You just got braces. You may not be thrilled about it, but you know the new braces will benefit you in the long run.
If this new season of life represents your first time with braces, we want to provide you with a few tips for surviving this stage. If you are on your second phase of braces, we are here to remind you.
How can you survive braces? By following the Sawgrass Survival Guide to Wearing Braces.
Show Your Personality
If you are going to wear braces, have some fun with it.
Depending on your phase, you could be in braces from 6-15 months (Phase One) or from 12-30 months (Phase Two). Either way, don’t be shy about your braces. Own them!
The bands of your braces are easily changeable. Each time you visit our office, one of our orthodontists can replace the color of your bands. Use that opportunity to proudly display your school pride, your favorite team, or an upcoming holiday. Make a statement with your color choice.
Remember that approximately 75 percent of children wear braces at some point before they turn age 18. What’s that mean for you? You are not the only one with braces. In fact, most of your friends will wear braces during their childhood.
Don’t be ashamed of or embarrassed by your braces. Instead, be bold, be confident, and wear them with pride. You wear them now so you have straight teeth for years to come.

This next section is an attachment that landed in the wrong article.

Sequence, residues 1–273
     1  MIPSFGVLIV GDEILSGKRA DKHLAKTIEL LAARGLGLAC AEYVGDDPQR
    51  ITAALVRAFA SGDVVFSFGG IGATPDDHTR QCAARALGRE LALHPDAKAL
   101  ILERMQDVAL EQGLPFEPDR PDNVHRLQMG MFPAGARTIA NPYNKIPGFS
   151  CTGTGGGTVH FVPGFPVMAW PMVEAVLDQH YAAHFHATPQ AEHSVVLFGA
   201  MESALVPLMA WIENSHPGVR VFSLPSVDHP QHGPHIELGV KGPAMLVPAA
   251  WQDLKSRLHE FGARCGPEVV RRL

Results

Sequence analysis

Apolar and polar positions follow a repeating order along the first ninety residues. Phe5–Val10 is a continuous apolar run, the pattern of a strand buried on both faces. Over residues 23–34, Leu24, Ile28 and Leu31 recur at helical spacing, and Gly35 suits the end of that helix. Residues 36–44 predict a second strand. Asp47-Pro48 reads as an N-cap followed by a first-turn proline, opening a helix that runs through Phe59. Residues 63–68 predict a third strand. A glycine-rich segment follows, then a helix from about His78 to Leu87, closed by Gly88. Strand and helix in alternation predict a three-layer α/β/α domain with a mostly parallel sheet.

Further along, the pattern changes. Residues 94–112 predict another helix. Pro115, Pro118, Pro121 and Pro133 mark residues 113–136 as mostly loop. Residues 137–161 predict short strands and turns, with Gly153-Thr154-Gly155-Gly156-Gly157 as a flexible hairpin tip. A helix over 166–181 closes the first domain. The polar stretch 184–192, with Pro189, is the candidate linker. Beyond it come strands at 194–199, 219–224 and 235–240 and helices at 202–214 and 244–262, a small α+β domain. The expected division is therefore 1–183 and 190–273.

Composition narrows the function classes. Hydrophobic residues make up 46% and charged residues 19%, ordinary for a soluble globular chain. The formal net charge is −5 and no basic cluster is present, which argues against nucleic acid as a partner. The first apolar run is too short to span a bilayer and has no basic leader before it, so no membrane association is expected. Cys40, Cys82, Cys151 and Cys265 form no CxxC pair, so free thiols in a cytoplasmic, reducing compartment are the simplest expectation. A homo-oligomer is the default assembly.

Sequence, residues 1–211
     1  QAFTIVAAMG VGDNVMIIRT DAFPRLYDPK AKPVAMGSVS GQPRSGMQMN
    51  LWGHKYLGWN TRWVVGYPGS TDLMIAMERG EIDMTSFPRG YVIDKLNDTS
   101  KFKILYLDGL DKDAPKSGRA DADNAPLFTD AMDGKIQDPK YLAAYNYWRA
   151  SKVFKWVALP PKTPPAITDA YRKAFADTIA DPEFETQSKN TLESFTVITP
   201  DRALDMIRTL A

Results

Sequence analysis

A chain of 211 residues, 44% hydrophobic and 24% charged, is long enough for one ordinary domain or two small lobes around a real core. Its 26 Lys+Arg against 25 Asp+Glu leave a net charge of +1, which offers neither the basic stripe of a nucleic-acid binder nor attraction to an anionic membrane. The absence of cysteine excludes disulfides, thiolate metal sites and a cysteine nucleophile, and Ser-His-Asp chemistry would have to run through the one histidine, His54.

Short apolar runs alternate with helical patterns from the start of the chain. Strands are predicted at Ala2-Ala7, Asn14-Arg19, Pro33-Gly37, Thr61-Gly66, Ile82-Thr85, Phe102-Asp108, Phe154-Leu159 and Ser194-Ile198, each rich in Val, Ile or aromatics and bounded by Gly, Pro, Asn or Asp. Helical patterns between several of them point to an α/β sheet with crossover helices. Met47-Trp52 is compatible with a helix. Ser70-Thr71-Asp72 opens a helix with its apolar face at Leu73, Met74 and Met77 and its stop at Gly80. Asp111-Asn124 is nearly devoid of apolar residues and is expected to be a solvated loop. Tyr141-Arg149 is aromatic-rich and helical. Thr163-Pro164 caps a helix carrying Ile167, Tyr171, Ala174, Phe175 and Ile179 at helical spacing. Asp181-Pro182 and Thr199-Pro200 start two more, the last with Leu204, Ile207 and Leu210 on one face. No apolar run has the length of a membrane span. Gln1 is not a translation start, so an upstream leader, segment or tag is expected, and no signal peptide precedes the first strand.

Avoid Hard, Chewy, Sticky Foods
Yes, you have to avoid select foods when you wear braces. If you try to eat these foods anyway, you will visit our orthodontic office more than you expect.
Why? Food particles get stuck. Braces become loose. Wires pop. None of that seems too fun, does it?
To avoid all that, you should stay far away from these foods:
They may be yummy, but you won’t look too good with gummies stuck between your wires or inside your brackets.
Hard, sticky, AND chewy. Just say no.
When you have braces, you don’t need to rip food with your teeth. With tough bread, that’s exactly what you have to do. As a result, you could pop a wire or a bracket.
It’s the same idea as tough bread. When you rip your food, you mess up your braces.
CORN ON THE COB
This can be messy and get all in your teeth without braces. Can you imagine how messy it would become with braces? In addition to particles getting stuck in, around, and between brackets, you may loosen brackets or wires with the big bites.